Epidemiology of moderate-to-severe injury patterns observed in rollover crashes

Background: Previous epidemiological studies have highlighted the high risk of injury to the head, thorax, and cervical spine in rollover crashes. However, such results provide limited information on whole-body injury distribution and multiple region injury patterns necessary for the improvement and prioritization of rollover-focused injury countermeasures. Methods: Sampled cases representing approximately 133,000 U.S. adult occupants involved in rollover crashes (between 1995 and 2013) sustaining moderate-to-severe injuries were selected from the National Automotive Sampling System Crashworthiness Data System database. A retrospective cohort study, based on a survey of population-based data, was used to identify relevant whole body injury patterns. Results: Among belted occupants injured in rollover crashes, 79.2% sustained injuries to only one body region. The three most frequently injured (AIS2+) body regions were head (42.1%), upper extremity (28.0%), and thorax (27.1%). The most frequent multi-region injury pattern involved the head and upper extremity, but this pattern only accounted for 2.3% of all of occupants with moderate or worse injuries. Conclusions: The results indicated that for rollover-dominated crashes, the frequently observed injury patterns involved isolated body regions. In contrast, multi-region injury patterns are more frequently observed in rollovers with significant planar impacts. Identification of region-specific injury patterns in pure rollover crashes is essential for clarifying injury mitigation targets and developing whole-body injury metrics specifically applicable to rollovers.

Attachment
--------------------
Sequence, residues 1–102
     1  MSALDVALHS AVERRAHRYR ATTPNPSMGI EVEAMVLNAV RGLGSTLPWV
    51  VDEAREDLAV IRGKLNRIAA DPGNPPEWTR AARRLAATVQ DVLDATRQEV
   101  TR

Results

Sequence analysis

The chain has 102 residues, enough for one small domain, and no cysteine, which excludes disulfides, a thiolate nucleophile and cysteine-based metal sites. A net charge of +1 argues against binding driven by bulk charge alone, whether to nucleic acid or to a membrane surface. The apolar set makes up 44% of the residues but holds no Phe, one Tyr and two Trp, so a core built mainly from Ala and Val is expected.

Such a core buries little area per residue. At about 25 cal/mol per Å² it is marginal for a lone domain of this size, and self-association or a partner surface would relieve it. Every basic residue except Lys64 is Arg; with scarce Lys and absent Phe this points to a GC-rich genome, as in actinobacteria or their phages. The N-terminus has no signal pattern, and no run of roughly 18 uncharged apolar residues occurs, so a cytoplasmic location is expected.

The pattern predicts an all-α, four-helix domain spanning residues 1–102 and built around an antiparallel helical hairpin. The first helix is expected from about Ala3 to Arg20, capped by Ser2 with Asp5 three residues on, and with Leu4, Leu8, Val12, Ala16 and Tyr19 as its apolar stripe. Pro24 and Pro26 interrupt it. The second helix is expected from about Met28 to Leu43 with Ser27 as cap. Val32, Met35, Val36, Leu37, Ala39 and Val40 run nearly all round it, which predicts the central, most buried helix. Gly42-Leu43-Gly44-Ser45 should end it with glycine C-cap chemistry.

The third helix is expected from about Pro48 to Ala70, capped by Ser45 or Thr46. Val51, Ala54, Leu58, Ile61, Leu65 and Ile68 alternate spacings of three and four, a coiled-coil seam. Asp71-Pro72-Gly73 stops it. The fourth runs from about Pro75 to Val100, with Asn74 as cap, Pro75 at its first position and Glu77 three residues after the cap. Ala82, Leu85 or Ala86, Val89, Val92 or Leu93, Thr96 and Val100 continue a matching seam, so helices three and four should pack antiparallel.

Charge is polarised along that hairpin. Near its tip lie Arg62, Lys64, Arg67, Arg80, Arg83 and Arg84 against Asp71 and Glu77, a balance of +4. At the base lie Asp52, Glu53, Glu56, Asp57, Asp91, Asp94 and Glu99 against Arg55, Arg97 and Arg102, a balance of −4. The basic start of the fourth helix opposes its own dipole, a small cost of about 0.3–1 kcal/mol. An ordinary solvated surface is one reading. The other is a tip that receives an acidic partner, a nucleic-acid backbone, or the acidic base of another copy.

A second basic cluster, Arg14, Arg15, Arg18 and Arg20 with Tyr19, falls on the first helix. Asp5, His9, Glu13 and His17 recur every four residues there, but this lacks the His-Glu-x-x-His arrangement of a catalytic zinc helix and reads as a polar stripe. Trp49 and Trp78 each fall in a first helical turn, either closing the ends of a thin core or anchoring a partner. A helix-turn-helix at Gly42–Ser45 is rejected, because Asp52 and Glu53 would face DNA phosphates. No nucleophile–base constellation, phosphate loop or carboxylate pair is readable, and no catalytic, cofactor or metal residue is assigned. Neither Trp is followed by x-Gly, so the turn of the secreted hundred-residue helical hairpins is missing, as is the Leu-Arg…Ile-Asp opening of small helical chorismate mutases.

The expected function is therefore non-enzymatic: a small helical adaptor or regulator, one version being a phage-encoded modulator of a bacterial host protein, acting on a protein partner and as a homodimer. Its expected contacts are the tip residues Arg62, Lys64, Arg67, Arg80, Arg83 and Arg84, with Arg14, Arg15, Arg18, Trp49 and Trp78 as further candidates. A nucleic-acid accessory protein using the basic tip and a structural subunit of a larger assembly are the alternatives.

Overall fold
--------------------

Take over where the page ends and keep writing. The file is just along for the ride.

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  • Accession Number: 01594154
  • Record Type: Publication
  • Files: TRIS
  • Created Date: Mar 14 2016 9:12AM